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An artist rendering of the upcoming Crew Space Transportation CST-100 spacecraft  (Source: Boeing)

Cutaway view of the CST-100 capsule  (Source: Boeing)

  (Source: Boeing)
Craft is expected to offer commercial service in the place of the retired Space Shuttle

Boeing recently received a lot of press for the X-37B, a spacecraft it designed for NASA that has been passed off to the U.S. Air Force and further refined into a fully operational vehicle.  It turns out that was certainly not the only spacecraft the company is cooking up.

Under a $18M USD contract with NASA Boeing is building a capsule craft called the Crew Space Transportation (CST)-100.  The craft can hold up to seven crew members.  It simplifies matters by reusing existing components and architecture from past capsule designs -- meaning that NASA will likely save on repair costs.

Size wise, the craft is bigger than an Apollo program capsule, but smaller than the planned Orion spacecraft which is NASA's official shuttle replacement.  It can launch aboard a variety of rockets, including the Atlas, Falcon, and Delta designs.

The plan will be to use the craft to ferry passengers and supplies to and from the International Space Station.  The craft will also likely service future upcoming commercial space stations, including those of Bigelow Aerospace Orbital Space Complex.  Bigelow is designing high-strength inflatable space stations which it plans to use in a commercial space hotel venture.

Competition in the field is tight, so Boeing has its work cut out for it.  In February, NASA gave $50M USD to Blue Origin, Boeing, Paragon Space Development Corporation, Sierra Nevada Corporation and United Launch Alliance to develop craft that could ferry passengers or freight to the ISS.  And while they have not officially tossed their hats in the ring, Virgin Galactic, makers of the space tourism craft SpaceShip One, and SpaceX, makers of the Falcon 9 launch vehicle both could design passenger craft to service the station at some point.

Ultimately, Boeing seems to be going for the right approach -- mixing affordability with an adequate design and flexibility.  How the design works out, though, remains to be seen.  Ultimately the results will prove a part of the critical test of whether President Obama's plans to denationalize the U.S space industry are feasible.



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RE: There was a time...
By MrBlastman on 7/22/2010 12:14:05 PM , Rating: 3
Where has that spending on the people helped? I don't see it. Pray tell me how pissing trillions of dollars down the drain into the people's pockets (here's a hint--that money Obama promised, VERY LITTLE of it has ended up in OUR pockets) has helped our economy.

The fact of the matter is, the ONLY thing that can help our economy is the people and businesses themselves. The people need to spend in order to get the wheels turning again.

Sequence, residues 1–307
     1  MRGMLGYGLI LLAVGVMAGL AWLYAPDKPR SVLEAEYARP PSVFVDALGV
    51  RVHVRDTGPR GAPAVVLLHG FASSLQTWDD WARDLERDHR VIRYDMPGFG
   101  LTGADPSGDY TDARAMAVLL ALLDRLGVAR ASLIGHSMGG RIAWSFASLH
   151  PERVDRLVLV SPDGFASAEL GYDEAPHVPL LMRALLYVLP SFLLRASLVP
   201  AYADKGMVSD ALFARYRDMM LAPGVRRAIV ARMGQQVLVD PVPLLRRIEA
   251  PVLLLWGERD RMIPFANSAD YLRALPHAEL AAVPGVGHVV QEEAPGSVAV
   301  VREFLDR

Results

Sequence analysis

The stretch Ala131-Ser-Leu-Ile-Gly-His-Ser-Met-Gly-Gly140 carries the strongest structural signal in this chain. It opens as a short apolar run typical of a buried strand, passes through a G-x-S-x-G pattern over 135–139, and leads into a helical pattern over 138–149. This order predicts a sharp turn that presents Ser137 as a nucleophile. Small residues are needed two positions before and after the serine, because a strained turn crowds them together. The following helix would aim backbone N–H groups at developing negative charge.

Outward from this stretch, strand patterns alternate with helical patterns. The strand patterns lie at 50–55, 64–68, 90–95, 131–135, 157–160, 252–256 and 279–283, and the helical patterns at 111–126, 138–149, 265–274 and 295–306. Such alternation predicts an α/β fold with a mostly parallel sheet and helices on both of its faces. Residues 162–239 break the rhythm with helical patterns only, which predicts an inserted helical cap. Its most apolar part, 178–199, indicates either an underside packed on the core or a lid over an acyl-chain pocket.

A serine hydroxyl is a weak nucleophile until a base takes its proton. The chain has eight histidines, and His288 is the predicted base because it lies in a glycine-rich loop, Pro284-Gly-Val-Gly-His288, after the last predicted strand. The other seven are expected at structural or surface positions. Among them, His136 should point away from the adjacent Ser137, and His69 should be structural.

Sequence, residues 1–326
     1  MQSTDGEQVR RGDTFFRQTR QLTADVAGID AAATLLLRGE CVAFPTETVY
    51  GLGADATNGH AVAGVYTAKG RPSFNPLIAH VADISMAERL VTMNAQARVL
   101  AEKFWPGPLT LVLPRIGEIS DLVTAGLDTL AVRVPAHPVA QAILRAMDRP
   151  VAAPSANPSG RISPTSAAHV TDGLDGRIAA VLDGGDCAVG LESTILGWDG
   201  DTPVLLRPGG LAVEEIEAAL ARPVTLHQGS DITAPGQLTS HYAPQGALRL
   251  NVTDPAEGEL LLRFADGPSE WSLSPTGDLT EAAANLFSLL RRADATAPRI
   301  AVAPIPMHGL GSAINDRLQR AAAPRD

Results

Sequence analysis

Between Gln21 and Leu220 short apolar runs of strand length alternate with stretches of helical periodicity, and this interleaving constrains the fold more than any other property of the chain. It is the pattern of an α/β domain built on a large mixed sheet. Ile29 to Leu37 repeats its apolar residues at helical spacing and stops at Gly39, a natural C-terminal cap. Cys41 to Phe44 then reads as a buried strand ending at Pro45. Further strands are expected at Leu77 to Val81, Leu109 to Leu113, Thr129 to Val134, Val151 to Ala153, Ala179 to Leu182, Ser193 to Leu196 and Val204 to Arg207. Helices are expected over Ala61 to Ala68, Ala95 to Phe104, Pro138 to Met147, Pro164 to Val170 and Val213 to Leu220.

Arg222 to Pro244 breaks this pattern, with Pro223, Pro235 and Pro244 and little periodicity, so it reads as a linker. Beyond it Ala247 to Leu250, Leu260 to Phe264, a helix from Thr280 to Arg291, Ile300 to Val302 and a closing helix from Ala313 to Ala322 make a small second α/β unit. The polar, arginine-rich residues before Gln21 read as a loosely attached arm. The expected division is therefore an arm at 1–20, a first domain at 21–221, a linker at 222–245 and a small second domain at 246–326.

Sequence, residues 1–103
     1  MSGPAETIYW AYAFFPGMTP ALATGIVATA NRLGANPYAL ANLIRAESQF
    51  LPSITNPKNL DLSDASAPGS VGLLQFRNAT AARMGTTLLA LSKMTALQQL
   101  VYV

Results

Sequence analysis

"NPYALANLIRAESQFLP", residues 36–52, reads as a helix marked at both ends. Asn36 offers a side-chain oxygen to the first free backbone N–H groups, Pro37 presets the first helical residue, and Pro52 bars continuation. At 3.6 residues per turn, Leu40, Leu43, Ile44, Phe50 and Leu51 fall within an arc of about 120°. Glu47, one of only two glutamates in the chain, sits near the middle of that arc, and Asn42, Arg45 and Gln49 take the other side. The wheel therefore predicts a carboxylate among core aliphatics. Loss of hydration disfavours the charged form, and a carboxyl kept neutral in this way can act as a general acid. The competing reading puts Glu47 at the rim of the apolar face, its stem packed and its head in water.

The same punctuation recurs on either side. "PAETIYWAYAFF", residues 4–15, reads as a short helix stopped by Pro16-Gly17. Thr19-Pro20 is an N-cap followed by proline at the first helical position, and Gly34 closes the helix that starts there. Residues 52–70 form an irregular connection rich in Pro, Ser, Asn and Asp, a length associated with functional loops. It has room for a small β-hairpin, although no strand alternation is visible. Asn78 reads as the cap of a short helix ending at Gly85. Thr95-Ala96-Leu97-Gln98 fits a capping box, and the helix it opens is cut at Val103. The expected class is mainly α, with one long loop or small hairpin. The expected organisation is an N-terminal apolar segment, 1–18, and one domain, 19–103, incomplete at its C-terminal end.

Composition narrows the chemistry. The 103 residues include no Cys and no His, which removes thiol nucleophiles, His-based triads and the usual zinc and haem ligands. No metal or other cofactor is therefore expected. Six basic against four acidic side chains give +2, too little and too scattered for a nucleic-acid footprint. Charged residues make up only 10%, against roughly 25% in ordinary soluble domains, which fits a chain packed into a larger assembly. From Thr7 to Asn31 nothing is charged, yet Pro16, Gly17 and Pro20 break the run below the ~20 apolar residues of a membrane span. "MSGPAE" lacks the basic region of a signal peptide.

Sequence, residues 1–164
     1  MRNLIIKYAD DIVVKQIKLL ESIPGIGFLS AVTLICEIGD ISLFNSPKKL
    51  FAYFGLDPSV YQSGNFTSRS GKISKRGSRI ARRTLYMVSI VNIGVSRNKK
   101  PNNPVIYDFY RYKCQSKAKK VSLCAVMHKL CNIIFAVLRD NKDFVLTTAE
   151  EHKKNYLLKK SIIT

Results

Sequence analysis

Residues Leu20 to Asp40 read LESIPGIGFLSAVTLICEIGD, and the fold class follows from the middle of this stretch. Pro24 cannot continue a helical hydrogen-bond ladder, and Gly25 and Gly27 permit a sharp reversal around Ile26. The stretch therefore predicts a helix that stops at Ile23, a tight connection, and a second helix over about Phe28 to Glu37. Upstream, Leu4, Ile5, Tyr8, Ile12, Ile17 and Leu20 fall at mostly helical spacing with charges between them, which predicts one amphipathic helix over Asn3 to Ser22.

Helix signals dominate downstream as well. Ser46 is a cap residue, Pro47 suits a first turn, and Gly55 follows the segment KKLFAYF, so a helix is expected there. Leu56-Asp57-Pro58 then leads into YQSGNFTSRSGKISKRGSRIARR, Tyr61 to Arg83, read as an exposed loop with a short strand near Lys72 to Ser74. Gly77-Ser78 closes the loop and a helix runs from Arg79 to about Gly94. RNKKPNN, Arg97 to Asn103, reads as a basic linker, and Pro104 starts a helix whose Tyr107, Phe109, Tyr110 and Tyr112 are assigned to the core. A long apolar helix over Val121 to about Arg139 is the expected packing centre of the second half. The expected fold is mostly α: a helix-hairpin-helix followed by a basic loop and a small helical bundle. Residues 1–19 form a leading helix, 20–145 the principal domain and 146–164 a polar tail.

Inspire the people and the people will take action. Hand them money and crap and they'll sit on their behinds and do nothing.

NASA costs pennies to fund in the grand scheme of things and produces technologies over time (albeit slowly, but, we took how many thousands of years to discover nuclear power?) that help change and improve society, sometimes indirectly.

Employing census workers, though, does not.


RE: There was a time...
By Dr of crap on 7/22/2010 1:01:21 PM , Rating: 2
I'm sorry, but I have to agree here.
We piss away FAR to much money on programs dreamed up by politicians that only go so far as to get them elected again, and are a drain on us.
Way to many social programs.
And yes I'm sure most of you can point out how these programs are helping out a few people, yet the opposite is true as well. I'm sure there's A LOT of misuse and many people that do not need these programs are in them!
And you know how the govt works - 10 people to do the job that could be done by 1 or 2!
The work programs of FDR is what we need to kick start a better country!


RE: There was a time...
By TechIsGr8 on 7/23/2010 2:13:50 PM , Rating: 2
quote:
And you know how the govt works - 10 people to do the job that could be done by 1 or 2!


Um, I hate to break this to you, but the huge corp I work for has that very same problem you attribute to government. Through various mergers and acquisitions, it has grown so big, that left hand has completely detached from the right hand's body, and the layers of management and bureaucracy make government look nimble. This is a "free market" result, when government allows the Sherman AntiTrust Act to go unenforced.

And by the way, why wouldn't you consider FDR's "work programs" to be social programs? Seems to me, they were created for the social good of putting people to work. Yep, more government "socialism". Seems to me that the free market should have started building hydro-electric dams and interstate tollways, rather than the government "socialism" doing that under FDR, right?


RE: There was a time...
By yomamafor1 on 7/22/10, Rating: -1
"Well, we didn't have anyone in line that got shot waiting for our system." -- Nintendo of America Vice President Perrin Kaplan














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